• That is a good question Chris. I see where your coming from?.
      There are a few factors I guess you would consider with this scenerio.
      1) What is the judging criteria?
      2)Would this happen in a run format or battle format?
      2) If run format- I guess you would compare against how the other riders rode.
      3) The novelty factor of someone doing that (with say a banger combo)- might score highly the first time, then next contest lose its novelty, i’ve seen similar things happen.
      4) It would in some degree depend on what other riders did, a rider who say strings together 4-5 really good combos with more variety would score higher.

  4. its all politics to me bro ,whats normal and whats not ?? comp runs normally include combo’s which the rider is comfortable with a consistent run etc where pushing their own limits would suit a jam session format then can the rider decide whether it would be included in a comp run depending if they are comfortable with it or not.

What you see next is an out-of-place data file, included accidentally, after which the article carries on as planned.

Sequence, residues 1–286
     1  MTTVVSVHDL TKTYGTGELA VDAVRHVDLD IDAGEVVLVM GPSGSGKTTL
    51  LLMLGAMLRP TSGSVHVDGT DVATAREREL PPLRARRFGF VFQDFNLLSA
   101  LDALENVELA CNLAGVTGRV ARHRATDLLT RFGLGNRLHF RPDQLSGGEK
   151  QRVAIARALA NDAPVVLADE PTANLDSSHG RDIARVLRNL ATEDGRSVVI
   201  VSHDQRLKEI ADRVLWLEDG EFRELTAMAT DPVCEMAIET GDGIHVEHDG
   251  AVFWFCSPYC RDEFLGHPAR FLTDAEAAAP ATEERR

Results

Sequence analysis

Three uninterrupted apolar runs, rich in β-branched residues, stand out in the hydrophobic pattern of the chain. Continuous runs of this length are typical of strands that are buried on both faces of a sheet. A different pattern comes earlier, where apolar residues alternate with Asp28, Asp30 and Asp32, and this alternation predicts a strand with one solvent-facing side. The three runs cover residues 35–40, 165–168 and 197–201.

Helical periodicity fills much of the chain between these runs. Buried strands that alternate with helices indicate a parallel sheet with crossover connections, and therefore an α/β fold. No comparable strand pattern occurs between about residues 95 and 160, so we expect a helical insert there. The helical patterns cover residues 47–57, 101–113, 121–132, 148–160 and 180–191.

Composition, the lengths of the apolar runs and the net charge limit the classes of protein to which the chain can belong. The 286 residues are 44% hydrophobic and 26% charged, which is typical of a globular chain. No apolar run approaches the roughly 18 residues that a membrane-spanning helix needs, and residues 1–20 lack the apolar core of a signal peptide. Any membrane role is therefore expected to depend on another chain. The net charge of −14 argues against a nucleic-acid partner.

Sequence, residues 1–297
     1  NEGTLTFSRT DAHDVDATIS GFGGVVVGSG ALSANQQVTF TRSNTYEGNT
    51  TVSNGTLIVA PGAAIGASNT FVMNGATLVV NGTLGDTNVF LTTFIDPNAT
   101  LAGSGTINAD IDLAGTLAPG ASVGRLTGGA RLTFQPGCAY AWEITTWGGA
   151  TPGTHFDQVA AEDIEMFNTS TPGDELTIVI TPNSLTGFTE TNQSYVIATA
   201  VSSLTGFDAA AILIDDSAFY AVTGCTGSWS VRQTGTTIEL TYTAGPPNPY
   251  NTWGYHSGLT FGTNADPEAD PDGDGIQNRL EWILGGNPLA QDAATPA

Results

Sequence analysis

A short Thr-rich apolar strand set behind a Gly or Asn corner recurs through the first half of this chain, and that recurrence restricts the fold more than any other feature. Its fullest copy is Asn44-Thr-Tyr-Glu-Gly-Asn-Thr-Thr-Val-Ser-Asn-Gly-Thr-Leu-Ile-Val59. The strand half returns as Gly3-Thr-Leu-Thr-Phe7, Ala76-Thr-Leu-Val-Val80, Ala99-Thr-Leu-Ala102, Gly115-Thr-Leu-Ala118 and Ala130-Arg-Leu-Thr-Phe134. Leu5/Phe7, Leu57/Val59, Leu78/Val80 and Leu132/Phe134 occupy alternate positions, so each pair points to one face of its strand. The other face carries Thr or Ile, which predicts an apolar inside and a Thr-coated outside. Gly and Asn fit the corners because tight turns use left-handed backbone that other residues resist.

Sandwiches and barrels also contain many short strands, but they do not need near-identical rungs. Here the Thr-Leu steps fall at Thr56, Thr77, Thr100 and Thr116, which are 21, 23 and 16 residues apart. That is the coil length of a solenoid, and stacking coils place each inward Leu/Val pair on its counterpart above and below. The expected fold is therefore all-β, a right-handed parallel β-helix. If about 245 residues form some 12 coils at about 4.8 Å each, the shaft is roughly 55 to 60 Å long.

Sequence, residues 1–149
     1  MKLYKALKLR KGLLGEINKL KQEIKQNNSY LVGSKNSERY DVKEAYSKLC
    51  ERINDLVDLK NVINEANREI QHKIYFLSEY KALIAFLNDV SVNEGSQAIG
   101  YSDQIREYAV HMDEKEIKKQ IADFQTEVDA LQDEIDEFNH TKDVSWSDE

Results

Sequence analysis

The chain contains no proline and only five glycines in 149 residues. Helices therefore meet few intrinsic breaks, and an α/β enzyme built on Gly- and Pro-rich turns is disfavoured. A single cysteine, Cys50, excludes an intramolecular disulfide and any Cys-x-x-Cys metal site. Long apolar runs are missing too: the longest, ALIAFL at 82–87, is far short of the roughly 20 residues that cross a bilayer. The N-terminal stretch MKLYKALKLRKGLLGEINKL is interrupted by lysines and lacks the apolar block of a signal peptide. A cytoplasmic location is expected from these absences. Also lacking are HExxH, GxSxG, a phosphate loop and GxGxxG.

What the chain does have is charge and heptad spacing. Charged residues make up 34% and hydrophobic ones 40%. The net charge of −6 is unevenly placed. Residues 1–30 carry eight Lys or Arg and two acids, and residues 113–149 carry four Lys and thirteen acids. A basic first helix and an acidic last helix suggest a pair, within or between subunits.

5. All good points E.
    It it would need to be a run format for it to be a proper 5 in a row. They’d need to be done immediately after one another.

    I like that the run as a whole would be meaningful beyond its constituent combos, so yes @howard i guess it would be a political statement!

    What’s harder? 5 different combos in a row, or the same combo 5 times?

    5 the same feels harder in my mind, the probability of doing it seems less. Maybe not?

  6. Hmmm that would depend on the combo of course Chris, i’ve done all my combos in the past 5 in a row or more everyday, and if i was to just focus on one, the probability of hitting it over and over would be more realistic if I focussed just on that. 5 different combos is way harder in my mind. I’m sure someones reading this, im gonna do that now !? and actually i’m surprised no-ones done that yet. Thanks for bringing that up chris!

Leave a Reply

Your email address will not be published. Required fields are marked *